The Tweezers Top and Tweezers Bottom Patterns
Tweezers Top and Tweezers Bottom
The Tweezers pattern is a minor trend reversal pattern that consists of two candlesticks with more or less the same high or a same low or some variation thereof. It is the only candlestick pattern where the highs or lows are the most important factor rather than the body or the shape of the candles. If the tweezers pattern appears in an uptrend, it is called a Tweezers Top and should have the same high. If it appears in a downtrend it is called a Tweezers Bottom and should have the same low. In addition, the two candlesticks should have alternating colors with the first confirming the current trend and the second indicating weakness. The pattern is more reliable when the first candlestick is has a large real body while the second candlestick has a short real body. It is also more reliable when the Tweezers pattern is confirmed or makes another pattern, such as an engulfing or piercing pattern with identical highs or lows.
The Tweezers Top pattern appears in an uptrend. The first candlestick in this pattern should be a bullish candlestick with a large real body followed by a bearish candlestick with a short real body. The two candlesticks must have either the same high or their real bodies should be at the same high level. The pattern is more reliable when seen in the context of the broader price chart with the pattern appearing at market highs, or near resistance or trend lines.
The Tweezers Bottom pattern appears in a downtrend with the first candlestick being a dark, bearish candlestick with a large real body, followed by a bullish candlestick with a short real body. The two candlesticks must have either the same low or the bottom of their real bodies should be at the same level. The pattern is more reliable when it appears at market lows, or near support lines or at lower trend lines.
The Hanging Man and Hammer candlestick patterns are related trend reversal patterns that may appear at the end of an uptend or downtrend respectively. This is a single candlestick pattern that with a short real body, little or no upper shadow and a long lower shadow that must be at least twice as long as length of the real body. The color of the candle is not import, only its location in the current trend.
The Hammer pattern is called a takuri in Japanese, which means testing the water for its depth. This is the bullish version of the pattern. A bearish ...
The Engulfing pattern is a reversal candlestick pattern that can appear at the end of an uptrend or at the end of a downtrend. The first candlestick in this pattern is characterized by a small body and is followed by a larger candlestick whose body completely engulfs the previous candlestick's body.
The colors of the candlesticks that make up the engulfing pattern are important. When the engulfing pattern appears at the end an uptrend, it is a bearish reversal signal and indicates a weakness in the uptrend and ...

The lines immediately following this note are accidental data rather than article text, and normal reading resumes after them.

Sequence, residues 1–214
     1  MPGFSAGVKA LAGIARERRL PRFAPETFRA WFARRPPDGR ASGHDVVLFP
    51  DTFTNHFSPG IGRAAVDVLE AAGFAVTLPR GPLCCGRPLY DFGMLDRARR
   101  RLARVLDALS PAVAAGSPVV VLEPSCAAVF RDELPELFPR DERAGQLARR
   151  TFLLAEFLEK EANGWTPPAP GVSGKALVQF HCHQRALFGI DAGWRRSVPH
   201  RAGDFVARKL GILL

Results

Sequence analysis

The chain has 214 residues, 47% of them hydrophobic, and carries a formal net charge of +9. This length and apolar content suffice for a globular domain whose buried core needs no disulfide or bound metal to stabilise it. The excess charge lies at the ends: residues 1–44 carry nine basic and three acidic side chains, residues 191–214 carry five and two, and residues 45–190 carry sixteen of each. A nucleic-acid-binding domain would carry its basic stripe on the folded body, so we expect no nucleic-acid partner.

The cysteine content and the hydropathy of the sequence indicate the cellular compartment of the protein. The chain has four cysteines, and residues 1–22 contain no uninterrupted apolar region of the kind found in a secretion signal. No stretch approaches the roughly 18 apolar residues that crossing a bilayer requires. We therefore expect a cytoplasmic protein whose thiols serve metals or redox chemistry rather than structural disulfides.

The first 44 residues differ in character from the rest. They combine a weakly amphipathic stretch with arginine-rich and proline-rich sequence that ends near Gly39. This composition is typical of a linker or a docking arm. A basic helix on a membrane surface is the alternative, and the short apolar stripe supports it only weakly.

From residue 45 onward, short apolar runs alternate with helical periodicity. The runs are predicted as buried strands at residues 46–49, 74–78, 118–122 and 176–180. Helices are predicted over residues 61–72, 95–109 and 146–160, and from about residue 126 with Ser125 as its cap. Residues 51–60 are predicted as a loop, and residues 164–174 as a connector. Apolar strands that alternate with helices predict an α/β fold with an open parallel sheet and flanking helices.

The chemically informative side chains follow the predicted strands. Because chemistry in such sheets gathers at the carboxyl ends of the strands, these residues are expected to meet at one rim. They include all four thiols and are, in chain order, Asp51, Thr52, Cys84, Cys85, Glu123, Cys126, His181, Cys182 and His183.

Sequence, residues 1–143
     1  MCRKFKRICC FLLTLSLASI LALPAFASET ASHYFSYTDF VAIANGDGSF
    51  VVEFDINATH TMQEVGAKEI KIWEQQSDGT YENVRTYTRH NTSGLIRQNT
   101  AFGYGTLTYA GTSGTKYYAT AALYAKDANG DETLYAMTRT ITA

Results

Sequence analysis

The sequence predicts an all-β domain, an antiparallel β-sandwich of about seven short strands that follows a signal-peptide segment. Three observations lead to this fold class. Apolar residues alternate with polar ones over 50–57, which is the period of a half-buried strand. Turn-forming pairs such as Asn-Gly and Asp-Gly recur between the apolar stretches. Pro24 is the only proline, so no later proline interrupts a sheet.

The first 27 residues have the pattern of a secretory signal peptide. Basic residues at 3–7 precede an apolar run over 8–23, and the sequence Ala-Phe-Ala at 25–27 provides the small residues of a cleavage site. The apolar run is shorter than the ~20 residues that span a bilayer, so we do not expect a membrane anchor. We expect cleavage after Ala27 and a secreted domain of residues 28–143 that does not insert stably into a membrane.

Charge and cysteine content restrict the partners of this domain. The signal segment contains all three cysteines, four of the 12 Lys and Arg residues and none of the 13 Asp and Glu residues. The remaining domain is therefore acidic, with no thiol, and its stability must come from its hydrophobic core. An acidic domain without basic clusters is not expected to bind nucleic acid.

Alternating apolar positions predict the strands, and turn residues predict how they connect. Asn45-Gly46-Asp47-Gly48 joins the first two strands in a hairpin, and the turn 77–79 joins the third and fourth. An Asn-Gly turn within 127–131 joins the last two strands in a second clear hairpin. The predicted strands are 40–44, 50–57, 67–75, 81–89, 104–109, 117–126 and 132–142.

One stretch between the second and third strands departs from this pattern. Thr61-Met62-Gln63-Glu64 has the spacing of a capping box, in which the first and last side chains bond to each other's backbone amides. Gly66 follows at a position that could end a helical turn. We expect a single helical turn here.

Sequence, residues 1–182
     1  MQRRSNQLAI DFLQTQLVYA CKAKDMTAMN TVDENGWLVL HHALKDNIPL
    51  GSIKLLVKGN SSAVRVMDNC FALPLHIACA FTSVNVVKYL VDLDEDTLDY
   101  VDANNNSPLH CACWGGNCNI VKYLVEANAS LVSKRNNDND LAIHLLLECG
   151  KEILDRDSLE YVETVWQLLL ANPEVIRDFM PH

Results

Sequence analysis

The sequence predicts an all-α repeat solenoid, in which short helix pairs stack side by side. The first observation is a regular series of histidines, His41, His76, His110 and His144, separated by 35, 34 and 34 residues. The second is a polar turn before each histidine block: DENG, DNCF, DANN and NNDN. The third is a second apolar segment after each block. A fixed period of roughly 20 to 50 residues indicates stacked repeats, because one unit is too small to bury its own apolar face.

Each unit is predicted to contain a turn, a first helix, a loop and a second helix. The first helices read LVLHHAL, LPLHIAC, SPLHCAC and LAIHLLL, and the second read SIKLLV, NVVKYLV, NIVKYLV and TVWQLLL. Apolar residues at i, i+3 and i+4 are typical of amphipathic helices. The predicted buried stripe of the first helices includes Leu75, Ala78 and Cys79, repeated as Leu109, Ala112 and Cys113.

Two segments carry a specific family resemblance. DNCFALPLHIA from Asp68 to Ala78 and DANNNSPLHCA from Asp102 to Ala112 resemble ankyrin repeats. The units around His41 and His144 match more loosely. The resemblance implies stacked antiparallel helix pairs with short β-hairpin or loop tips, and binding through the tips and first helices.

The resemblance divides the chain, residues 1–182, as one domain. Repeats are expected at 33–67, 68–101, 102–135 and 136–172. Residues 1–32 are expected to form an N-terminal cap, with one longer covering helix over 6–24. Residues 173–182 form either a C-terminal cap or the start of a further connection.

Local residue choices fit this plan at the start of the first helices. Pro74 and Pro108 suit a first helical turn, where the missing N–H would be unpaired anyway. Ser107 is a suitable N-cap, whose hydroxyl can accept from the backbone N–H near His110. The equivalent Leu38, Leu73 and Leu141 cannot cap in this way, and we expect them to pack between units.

Three Black Crows
The Three Black Crows pattern is the bearish counterpart of the Three Advancing White Soldiers pattern. It is a reversal pattern that consists of three bearish candlesticks that should come into consideration when it appears within an established uptrend, where it indicates a weakness in the uptrend and, potentially, the beginning of a down trend.
Each of the three candlesticks in the Three Black Crows pattern should be relatively long bearish candlesticks with little or no lower shadows. Each of the candlesticks in this pattern should mark a steady decline in ...
The dark-cloud cover pattern is the opposite of the piercing pattern and appears at the end of an uptrend. It is a dual candlestick pattern with the first candlestick being light in color and having a large real body. The second candlestick must be dark in color, must open higher than the high of the first candlestick and must close down, well into the real body of the first candlestick. The deeper the second candlestick penetrates the first, the more reliable the pattern becomes.
The dark-cloud cover pattern is also more reliable when it appear at or near a resistance line ...
Continuation patterns indicate that there is a greater probability of the continuation of a trend than a trend reversal.. These patterns are generally formed when the price action enters a consolidation phase during a pre-existing trend. During the consolidation phase, the trend appears to change; however, the continuation of the preceding trend is more probable.
Some of the common continuation patterns include the cup and handle pattern, flags and pennants, symmetrical triangles, ascending triangle and desc...
Reversal patterns mark the turning point of an existing trend and are good indicators for taking profit or reversing your position. Generally, trend reversal patterns indicate that a support level in a downtrend or a resistance level in an uptrend will hold and that the pre-existing trend will start to reverse. These patterns allow you to enter early in the establishment of the new trend and are usually result in very profitable trades.
The common reversal patterns include the double tops and double bottoms, triple tops and triple bottoms, broadening tops and broadening bottoms, ...